For months, Maha Mekawy, a member of Al-Dostour Party and a mother of three, would carry a suitcase containing documents and a picture of her husband, Ashraf Shehata, who has been missing since 13 January 2014.
Since then, Mekawy has heard many claims on the whereabouts of her husband, also an Al-Dostour Party member, and strong supporter of Mohamed El-Baradei. Mekawy believes all evidence points to Homeland Security having abducted her husband, even though she does not have any physical proof, or even a single confirmation of Shehata’s disappearance.
Mekawy has nonetheless considered the reasons behind his hypothetical arrest. Since the downfall of former president Mohamed Morsi’s regime, all political accusations are associated with “the terrorist-declared organisation of the Muslim Brotherhood”.
As such, Mekawy carried around documents proving that all her husband’s property comes from inheritance, and was not funded by the Brotherhood, including the Green Community private school, which he established in the Kerdasa district of Giza before he disappeared.
Shehata’s case raises many questions. Mekawy, whom Daily News interviewed, could not reveal all information related to the quest for her husband on record, partly because she could not prove her claims, and partly because she said she has been indirectly threatened.
Tell us about Ashraf Shehata.
His original name is Raafat Faisal Shehata, known as Ashraf Shahata. He is a 40-year-old independent lawyer, who graduated from Law School at Cairo University in 1990. He didn’t practice law though; he was more into business like his father and grandfather.
He established a private school in Kerdasa with partners, the same school from which he disappeared, unfortunately.
We have been married for nearly 21 years now. Our eldest son Omar is in his second year at the American University on Cairo, studying politics and psychology. His brother Ali and sister Maha are ninth graders.
My children have a degree of political awareness. My son Omar was always impressed by the countries he visited, especially Europe. My husband encouraged him to study abroad if he would like, but he fostered in them patriotism and love for this country, telling Omar that eventually he must return to Egypt.
But now, this has changed with my son, who is not enthusiastic about staying here. Ali and Maha always say: “When daddy is out, we should all leave the country.” The children are aware of their father’s absence.
What about his political background?
Shehata held a membership card for the [dissolved] National Democratic Party, but was not really an active member. His father was also a member of the party and a community leader. I would even say that my husband was on the regime’s side.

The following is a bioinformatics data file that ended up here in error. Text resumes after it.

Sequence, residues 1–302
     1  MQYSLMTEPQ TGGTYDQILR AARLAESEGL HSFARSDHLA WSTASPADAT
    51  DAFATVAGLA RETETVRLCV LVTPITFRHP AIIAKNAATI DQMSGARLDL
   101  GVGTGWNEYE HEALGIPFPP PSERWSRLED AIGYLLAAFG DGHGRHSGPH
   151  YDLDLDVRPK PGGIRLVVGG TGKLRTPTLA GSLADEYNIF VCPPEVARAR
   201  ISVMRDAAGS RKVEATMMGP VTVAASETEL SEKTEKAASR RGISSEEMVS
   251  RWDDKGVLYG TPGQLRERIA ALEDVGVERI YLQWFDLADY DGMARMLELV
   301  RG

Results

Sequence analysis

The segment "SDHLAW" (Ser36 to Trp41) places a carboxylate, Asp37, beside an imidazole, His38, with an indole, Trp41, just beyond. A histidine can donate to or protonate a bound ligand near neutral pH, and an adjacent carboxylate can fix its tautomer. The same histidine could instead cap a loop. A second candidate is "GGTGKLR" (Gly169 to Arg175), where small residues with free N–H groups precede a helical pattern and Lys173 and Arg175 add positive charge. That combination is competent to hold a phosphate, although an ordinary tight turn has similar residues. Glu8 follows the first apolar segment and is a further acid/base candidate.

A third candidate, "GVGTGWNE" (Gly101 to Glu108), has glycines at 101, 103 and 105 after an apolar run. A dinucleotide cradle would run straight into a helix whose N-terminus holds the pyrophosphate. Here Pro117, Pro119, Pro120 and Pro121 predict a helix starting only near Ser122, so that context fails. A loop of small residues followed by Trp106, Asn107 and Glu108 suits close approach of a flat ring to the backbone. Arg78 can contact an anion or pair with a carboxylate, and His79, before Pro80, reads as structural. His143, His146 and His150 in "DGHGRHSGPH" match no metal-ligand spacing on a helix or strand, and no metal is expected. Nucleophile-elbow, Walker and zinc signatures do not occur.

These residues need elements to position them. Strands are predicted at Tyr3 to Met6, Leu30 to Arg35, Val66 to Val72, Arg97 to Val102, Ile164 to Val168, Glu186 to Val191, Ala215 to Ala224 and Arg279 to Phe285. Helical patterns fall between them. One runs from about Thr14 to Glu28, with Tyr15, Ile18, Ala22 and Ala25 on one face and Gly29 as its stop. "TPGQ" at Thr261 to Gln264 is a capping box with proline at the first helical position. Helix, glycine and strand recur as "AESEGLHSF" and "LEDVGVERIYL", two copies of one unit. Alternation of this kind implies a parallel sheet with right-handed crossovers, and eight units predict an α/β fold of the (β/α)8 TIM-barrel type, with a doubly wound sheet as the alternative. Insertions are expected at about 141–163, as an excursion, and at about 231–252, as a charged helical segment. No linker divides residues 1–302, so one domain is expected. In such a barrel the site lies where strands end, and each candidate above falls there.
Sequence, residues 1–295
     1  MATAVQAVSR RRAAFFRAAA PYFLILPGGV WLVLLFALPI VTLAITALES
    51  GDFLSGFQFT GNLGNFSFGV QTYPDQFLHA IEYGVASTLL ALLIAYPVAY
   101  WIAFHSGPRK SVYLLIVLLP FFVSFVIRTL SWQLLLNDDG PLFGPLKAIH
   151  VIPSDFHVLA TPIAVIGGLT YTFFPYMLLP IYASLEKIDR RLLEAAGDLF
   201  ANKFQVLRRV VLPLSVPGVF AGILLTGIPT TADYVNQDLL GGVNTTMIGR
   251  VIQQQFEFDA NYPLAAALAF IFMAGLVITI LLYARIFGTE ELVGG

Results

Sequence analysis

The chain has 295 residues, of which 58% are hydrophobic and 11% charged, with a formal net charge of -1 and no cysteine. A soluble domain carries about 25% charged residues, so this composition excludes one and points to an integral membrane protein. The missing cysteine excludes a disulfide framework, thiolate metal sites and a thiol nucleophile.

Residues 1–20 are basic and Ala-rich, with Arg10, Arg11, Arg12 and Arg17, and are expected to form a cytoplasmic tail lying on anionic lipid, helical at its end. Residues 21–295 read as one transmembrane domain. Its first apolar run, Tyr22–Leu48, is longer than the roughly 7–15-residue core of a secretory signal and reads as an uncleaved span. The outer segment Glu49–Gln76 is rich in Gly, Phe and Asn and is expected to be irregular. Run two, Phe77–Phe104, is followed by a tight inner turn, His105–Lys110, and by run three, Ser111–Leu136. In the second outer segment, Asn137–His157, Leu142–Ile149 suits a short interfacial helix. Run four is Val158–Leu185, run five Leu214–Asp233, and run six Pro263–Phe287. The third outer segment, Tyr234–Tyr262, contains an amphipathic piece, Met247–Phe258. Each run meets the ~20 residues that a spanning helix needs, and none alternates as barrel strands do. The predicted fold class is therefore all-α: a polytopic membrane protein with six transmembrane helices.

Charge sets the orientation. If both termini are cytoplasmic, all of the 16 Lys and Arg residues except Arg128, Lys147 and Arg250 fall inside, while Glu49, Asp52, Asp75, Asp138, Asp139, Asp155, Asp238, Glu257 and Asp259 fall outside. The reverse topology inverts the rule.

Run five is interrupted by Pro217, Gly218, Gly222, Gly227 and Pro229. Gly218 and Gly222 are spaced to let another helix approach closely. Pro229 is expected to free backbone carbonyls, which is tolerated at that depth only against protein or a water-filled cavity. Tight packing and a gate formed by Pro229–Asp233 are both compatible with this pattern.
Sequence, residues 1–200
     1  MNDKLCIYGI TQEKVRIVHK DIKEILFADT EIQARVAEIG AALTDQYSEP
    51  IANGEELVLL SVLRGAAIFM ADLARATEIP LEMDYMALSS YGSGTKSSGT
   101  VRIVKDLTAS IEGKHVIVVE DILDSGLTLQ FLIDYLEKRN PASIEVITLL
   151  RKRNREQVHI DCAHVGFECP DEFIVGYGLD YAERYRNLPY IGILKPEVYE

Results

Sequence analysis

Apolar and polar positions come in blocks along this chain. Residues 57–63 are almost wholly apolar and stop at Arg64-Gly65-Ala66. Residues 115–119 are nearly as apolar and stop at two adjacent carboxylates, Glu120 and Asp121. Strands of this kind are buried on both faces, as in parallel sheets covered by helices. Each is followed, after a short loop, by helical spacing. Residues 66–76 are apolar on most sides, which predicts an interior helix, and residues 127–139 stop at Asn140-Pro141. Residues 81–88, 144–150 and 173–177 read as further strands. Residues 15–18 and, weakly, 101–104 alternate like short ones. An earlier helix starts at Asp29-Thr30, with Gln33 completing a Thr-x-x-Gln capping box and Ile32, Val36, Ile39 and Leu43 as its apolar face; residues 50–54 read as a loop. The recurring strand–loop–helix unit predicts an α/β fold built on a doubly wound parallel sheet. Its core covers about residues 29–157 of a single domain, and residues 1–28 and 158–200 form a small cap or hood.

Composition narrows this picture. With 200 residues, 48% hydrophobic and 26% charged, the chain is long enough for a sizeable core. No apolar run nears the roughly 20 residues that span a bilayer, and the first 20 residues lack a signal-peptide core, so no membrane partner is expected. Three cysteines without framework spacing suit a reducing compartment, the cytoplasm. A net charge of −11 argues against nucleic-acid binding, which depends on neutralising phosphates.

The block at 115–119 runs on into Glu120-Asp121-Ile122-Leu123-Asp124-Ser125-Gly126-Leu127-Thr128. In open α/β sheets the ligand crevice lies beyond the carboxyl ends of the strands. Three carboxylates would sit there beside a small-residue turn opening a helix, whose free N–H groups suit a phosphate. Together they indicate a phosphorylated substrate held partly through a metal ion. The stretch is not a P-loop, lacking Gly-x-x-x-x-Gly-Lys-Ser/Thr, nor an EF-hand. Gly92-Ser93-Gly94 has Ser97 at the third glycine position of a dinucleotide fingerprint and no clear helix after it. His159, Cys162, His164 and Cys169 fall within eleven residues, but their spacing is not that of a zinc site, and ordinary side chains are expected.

Therefore, he cannot be accused of belonging to the Muslim Brotherhood. I remember that for months before his disappearance, he did not even visit his hometown because it was filled with Brotherhood and Mohamed Morsi supporters.
Shehata also participated in several public protests against the Brotherhood regime, starting with Morsi’s contested constitutional declaration and ending in the 30 June mass uprising.
We worked with several civil and political forces, including joining a march against Morsi organised by the 6 April Youth Movement, distributing flyers, speaking to people, etc… Even after Morsi’s ouster and the dispersal of the Rabaa sit-in, Shehata offered to provide a working place for the “Kamel Gemeelak” campaign [a campaign that called for Al-Sisi to run for president].
Personally, I objected to this because I was against Abdel Fattah Al-Sisi running in the presidential elections; I thought he should remain in the army, not in politics. But my husband said I was too emotional and insisted on having the campaign.
Fate did not work in his favour. I am not sure he knows by now that Al-Sisi has indeed become the president.
Since before the revolution, he and I were also both members of the campaign supporting Mohamed ElBaradei. However, Shehata did not really do things himself. He preferred to remain in the backstage, and help by funding, but did not really do things on the ground.
He was not particularly interested in protesting or campaigning either, but he was very enthusiastic about the youth’s political engagement. He encouraged them to visit poor areas, surrounding neighbourhoods, and ask for the people’s needs, because he believed in change, and that did not necessarily mean switching power.
When he established his school, change was his motto. He though: we had the revolution but doesn’t change come through education?
When and how did he disappear?